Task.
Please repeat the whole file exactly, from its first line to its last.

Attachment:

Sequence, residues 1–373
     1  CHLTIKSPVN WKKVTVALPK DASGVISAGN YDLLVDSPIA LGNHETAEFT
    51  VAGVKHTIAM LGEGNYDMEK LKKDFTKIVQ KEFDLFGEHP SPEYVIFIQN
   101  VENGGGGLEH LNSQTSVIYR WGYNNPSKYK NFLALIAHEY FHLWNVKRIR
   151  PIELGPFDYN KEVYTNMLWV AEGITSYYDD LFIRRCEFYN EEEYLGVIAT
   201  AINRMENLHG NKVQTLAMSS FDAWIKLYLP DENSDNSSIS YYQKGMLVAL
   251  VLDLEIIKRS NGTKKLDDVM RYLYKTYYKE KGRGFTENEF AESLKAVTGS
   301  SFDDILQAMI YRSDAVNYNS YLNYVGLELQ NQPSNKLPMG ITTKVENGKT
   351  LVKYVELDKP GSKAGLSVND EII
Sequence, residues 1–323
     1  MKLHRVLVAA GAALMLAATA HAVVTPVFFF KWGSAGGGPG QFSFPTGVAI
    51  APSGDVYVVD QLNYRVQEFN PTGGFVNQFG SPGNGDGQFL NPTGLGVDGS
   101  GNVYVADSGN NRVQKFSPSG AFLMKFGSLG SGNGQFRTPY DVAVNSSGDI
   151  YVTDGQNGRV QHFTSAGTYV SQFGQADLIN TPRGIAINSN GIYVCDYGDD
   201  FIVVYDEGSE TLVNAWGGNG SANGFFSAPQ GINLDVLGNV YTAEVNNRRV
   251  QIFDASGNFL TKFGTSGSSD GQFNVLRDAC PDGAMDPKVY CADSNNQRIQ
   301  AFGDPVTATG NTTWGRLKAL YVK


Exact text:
Sequence, residues 1–373
     1  CHLTIKSPVN WKKVTVALPK DASGVISAGN YDLLVDSPIA LGNHETAEFT
    51  VAGVKHTIAM LGEGNYDMEK LKKDFTKIVQ KEFDLFGEHP SPEYVIFIQN
   101  VENGGGGLEH LNSQTSVIYR WGYNNPSKYK NFLALIAHEY FHLWNVKRIR
   151  PIELGPFDYN KEVYTNMLWV AEGITSYYDD LFIRRCEFYN EEEYLGVIAT
   201  AINRMENLHG NKVQTLAMSS FDAWIKLYLP DENSDNSSIS YYQKGMLVAL
   251  VLDLEIIKRS NGTKKLDDVM RYLYKTYYKE KGRGFTENEF AESLKAVTGS
   301  SFDDILQAMI YRSDAVNYNS YLNYVGLELQ NQPSNKLPMG ITTKVENGKT
   351  LVKYVELDKP GSKAGLSVND EII
Sequence, residues 1–323
     1  MKLHRVLVAA GAALMLAATA HAVVTPVFFF KWGSAGGGPG QFSFPTGVAI
    51  APSGDVYVVD QLNYRVQEFN PTGGFVNQFG SPGNGDGQFL NPTGLGVDGS
   101  GNVYVADSGN NRVQKFSPSG AFLMKFGSLG SGNGQFRTPY DVAVNSSGDI
   151  YVTDGQNGRV QHFTSAGTYV SQFGQADLIN TPRGIAINSN GIYVCDYGDD
   201  FIVVYDEGSE TLVNAWGGNG SANGFFSAPQ GINLDVLGNV YTAEVNNRRV
   251  QIFDASGNFL TKFGTSGSSD GQFNVLRDAC PDGAMDPKVY CADSNNQRIQ
   301  AFGDPVTATG NTTWGRLKAL YVK